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Grounds where men robbed of dignity, hope meet in despair

LIFESTYLE
By Josaya Wasonga | April 26th 2020

Near where I live in Donholm Phase 8, there is a large open field – Jacaranda Grounds – where, during electioneering periods, charged political rallies are held.

The land is an emotive issue in Kenya. As such, the jury is still out on the ownership of Jacaranda Grounds. Some claim this prime parcel of land was “given” to an opposition big wig. Others claim that it belongs to the Kenya Prisons Service. And others say that it is the property of a local university.

Well? Right now, that’s neither here nor there. At the moment, Jacaranda Grounds “belongs” to men who have been put out of work by this pestilence. Many men make daily dreary pilgrimages to this field early in the morning and shuffle home just minutes before the 7 pm curfew.

Let’s keep it real. It’s men who have been hardest hit by Covid-19. Men who are breadwinners have been turned into beggars. They go to Jacaranda Grounds to “kill” stress, hoping against hope that they will return home with manna for their families.

Men who had roofs above their heads have been rendered homeless and virtually destitute, and some have turned the lone thorn tree at Jacaranda Grounds into their bedroom.

Some have turned the open trench that runs along the fence of Jacaranda Estate into their bathroom. It’s that bad, and the pestilence isn’t even full-blown yet.  

These are men who have been forced, by Covid-19 and the system’s catastrophic failure, to lose all sense of dignity. Once men lose their sense of dignity, they are as good as dead. And once men are as good as dead, the country has lost its very soul. Next stop? Societal disintegration, perhaps. A revolution, maybe.

Three years ago, politicians from both divides hogged Jacaranda Grounds as they promised the masses – again, mostly men – all sorts of goodies. Now, when you visit this ground, the haunting silent cry of sons, husbands and fathers – who are seated alone or in little groups – is: “Where are our leaders?”

Last week, Alex*, a young man came to the thorn tree, where men usually meet to shoot the breeze or study the Bible – as they furtively watch for cops who have orders to break up any perceived group meetings – and told the gathered men that his brother had committed suicide the previous night.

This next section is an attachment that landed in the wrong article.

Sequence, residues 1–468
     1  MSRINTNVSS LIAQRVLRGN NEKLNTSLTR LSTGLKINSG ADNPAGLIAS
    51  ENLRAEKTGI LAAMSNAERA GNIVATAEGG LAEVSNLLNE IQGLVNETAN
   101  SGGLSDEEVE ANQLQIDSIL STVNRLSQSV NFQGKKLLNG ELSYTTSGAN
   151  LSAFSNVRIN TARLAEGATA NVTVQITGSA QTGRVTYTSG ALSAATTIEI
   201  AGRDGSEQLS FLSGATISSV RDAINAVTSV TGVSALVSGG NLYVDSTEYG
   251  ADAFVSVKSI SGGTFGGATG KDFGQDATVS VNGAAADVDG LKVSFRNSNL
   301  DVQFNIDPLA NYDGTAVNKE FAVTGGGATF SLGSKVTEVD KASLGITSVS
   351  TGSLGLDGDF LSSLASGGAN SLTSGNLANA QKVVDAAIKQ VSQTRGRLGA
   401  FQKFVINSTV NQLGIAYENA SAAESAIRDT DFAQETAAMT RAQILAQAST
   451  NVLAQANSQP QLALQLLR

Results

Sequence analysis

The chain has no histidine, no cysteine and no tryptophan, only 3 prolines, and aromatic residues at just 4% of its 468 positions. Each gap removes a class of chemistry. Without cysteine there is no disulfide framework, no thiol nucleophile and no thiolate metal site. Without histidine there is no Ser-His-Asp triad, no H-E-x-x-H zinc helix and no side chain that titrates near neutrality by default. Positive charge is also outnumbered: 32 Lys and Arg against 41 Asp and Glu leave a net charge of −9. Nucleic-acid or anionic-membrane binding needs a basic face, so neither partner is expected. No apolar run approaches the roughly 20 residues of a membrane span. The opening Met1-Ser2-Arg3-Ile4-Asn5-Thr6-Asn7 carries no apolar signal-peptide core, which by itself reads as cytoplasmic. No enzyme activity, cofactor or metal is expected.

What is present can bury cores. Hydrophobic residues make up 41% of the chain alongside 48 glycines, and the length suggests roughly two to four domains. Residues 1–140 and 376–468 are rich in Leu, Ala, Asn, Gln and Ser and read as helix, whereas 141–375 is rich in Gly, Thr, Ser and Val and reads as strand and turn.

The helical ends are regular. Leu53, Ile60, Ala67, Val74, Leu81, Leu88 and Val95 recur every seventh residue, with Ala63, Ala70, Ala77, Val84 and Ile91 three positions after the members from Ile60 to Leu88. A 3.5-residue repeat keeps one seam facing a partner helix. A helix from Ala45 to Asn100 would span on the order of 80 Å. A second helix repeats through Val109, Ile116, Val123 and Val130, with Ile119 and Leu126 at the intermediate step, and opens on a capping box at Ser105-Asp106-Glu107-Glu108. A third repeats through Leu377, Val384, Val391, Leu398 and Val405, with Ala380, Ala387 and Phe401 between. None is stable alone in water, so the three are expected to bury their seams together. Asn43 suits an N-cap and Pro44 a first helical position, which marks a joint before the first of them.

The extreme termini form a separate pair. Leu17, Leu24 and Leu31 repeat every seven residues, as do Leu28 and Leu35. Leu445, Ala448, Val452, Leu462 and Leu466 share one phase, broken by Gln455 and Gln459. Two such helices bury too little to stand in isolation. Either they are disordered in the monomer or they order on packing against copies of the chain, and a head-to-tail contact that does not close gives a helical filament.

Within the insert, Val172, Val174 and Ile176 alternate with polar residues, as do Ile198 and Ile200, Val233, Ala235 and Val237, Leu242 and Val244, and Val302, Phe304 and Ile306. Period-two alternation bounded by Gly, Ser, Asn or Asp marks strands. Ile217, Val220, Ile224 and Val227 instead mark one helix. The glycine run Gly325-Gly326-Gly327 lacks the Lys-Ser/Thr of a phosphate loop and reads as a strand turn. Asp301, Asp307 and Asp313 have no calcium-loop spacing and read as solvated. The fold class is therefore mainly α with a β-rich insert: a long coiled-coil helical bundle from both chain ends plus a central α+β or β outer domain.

That was around 1 pm. The body was still in the house.

As Alex rushed back to the suicide scene after the pastor prayed for him, I couldn’t help but swear that Covid-19 had everything to do with the suicide.

Desperate times

Three days prior, the pastor counselled another man who had reached the end of his rope and wanted to take his life, because he lost his job due to Covid-19.

Around the same time, before the government gave an order that nobody could travel in or outside Nairobi, the men at the Jacaranda Grounds liaised with the rural family of a young man who was sleeping in the reeds next to the thorn tree, who sent bus fare for him to return to their upcountry home.

If the government needs to know what’s really happening on the ground, they need not go any further than Jacaranda Ground.

To put it plainly, the vast majority of men at Jacaranda Grounds, and many other parts of the country, are angry.

Yesterday, a father who had slept hungry swore, while staring at the posh estates that neighbour Jacaranda Grounds: “If this continues, and nothing is done, I won’t watch as my family dies of starvation. We’ll raid those gated homes.”  

All the men under the thorn tree concurred. Politics divided these men in 2017. A pandemic has brought them together, for worse or worst. 

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